# Ex. 12-4: (g <- ????) should be (g <- generator of ????)

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Ex. 12-4: (g ← ???) should be (g ← generator of ???)
In the Gen’ algorithm in ex. 12-4 [m]g[/m] is chosen uniformly at random from ???, where ??? is a group of prime order. However, in the case that [m]g=e[/m] gets chosen, signing does not respect the message [m]m’[/m] anymore and simply outputs [m]sigma’ = <Sig_{sk}(g^{rx}, r>[/m] for r being uniformly chosen at random from [m]Z_q[/m]. However, in that case we have [m]Verfy’_{pk’}(m’, sigma’)[/m] for every [m]m’[/m]. Hence, in that case arbitrary messages can be signed (by the same signature even).

So I think it should be [m]g ← generator of ???[/m] or equivalently [m]g ← ???{e}[/m] since ??? is of prime order.

I am interested in whether having [m]g ← ???[/m] makes the proof of security in ex. 12-4-b) fail actually. How is [m]q[/m], the order of ???, related to [m]lambda[/m]?

Say [m]q = 2^lambda[/m], then my remarks above do not matter since choosing [m]g = e[/m] happens with negligible probability anyway.

[quote=Marcel[Inf]:1580739018]
So I think it should be [m]g ← generator of ???[/m] or equivalently [m]g ← ???{e}[/m] since ??? is of prime order.
[/quote]

After discussing that, we came to the same conclusion as you, g cannot be 1. I believe that this exercise is from a pool of interesting crypto challenges that is used by multiple lectures out there. See for example 5b) at https://crypto.stanford.edu/~dabo/courses/cs255_winter07/hw3.pdf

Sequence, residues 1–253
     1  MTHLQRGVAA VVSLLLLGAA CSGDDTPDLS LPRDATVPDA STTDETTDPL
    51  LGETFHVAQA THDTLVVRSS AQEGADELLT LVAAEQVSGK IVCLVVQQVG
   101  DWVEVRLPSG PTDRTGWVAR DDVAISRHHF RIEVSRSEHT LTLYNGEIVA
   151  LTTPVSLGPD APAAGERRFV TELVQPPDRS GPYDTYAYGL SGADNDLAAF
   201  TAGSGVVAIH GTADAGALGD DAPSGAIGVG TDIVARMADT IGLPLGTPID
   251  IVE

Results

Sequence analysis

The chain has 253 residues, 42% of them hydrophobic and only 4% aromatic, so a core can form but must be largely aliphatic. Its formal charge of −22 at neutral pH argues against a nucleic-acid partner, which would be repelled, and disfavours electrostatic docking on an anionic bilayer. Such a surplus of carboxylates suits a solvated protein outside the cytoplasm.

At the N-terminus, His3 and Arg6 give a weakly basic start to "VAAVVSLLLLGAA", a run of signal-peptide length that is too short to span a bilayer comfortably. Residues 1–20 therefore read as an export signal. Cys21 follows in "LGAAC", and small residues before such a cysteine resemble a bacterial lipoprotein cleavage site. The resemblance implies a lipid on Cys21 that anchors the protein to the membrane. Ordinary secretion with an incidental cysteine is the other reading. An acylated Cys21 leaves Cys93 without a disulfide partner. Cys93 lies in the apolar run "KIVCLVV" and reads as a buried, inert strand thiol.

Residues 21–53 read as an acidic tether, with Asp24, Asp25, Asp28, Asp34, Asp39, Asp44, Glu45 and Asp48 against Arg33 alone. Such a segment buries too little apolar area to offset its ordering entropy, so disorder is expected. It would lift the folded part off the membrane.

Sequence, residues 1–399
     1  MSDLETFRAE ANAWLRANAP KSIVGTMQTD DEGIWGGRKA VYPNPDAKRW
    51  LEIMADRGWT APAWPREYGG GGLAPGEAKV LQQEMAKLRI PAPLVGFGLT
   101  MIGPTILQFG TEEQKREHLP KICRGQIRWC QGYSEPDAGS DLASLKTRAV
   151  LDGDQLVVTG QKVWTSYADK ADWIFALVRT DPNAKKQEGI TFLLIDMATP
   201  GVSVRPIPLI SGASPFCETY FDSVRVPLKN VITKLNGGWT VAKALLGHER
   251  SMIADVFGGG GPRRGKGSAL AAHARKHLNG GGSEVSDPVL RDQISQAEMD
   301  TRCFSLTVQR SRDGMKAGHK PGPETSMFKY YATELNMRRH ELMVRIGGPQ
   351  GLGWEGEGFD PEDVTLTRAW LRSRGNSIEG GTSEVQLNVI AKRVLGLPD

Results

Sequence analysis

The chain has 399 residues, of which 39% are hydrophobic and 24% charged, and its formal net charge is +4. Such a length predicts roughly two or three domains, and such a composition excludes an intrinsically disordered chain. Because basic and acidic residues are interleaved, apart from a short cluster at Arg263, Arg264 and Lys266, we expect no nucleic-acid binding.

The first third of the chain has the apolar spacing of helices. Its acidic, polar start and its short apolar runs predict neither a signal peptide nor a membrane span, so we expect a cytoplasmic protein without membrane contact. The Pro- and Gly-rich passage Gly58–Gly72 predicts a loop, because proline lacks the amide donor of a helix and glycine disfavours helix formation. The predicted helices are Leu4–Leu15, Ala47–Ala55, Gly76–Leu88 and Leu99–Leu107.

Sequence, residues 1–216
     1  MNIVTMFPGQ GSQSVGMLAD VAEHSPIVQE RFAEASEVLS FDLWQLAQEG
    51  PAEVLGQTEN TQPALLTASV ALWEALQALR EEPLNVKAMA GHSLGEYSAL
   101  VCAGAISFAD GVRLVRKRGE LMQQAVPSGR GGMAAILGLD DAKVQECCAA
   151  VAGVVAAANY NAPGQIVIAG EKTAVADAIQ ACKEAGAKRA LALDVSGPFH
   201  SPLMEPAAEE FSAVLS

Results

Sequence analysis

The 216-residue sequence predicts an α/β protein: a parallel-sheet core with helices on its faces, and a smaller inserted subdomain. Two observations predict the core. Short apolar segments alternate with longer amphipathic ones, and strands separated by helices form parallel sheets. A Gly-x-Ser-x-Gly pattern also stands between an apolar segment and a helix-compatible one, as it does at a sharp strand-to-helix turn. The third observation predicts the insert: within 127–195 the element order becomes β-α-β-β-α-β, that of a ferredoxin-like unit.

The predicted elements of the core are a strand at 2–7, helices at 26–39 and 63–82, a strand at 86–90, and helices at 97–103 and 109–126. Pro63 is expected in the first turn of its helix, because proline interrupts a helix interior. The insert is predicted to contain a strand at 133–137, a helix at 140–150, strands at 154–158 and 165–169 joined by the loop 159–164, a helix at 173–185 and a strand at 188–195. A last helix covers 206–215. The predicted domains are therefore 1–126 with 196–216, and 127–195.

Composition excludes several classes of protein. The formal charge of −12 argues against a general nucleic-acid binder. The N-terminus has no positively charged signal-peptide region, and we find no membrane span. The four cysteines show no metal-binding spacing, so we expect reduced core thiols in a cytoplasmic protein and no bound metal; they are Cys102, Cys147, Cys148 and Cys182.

We think that most of the authors of such tasks just brush over this issue, since every g in G is a generator (except the identity) => they see it as obvious and therefore do not state that explicitly

Counter question: I think right now that in the proof, if an adversary against \Pi’ hopes to get g = 1, the probability of that would be 1/q. Shouldn’t guessing x from Z_q have basically the same prob? (I edited that part a lot, sorry)

EDIT: Why would guessing x break \pi’?This lead to the Collision event Coll from the proof. Example: query for m, get [m] sign(m) = (r, sign_{pi}(g^m * g^{xr}) ) = (r, sign_{pi}(g^{m+xr} )) [/m] and then use your knowlegde to calculate the forgery m* = (m-xr), sign(m*) = (2r, sign_{pi}(g^{m-xr+x2r}) = (2r, sign_{pi}(g^{m+xr}) = sign(m)

I think that stating any relation between lambda and q is not the general approach here, one basically tries be vague in stating „let G be a group of prime order q where discrete logarithm is hard“. That is not satisfying, I know …

I second you in both points.

Ah, that I approach I didn’t know. But given that approach, we definitely must not allow g = 1 since 1/q could very well be non-negligible wrt. lambda without further assumptions on q.

I haven’t yet looked at the official solutions, so I can’t comment on that

It did, in particular that part with what q is supposed to be.

Sometimes I dream of all this being fully formalized (say in Coq) such that I could track dependencies myself in proofs Then again, I think the kind of probability juggling we do in ModCrypt is indeed a challenge to formalize. (But then again, advance mathematics has probably much more such juggling.)

Happy semester break!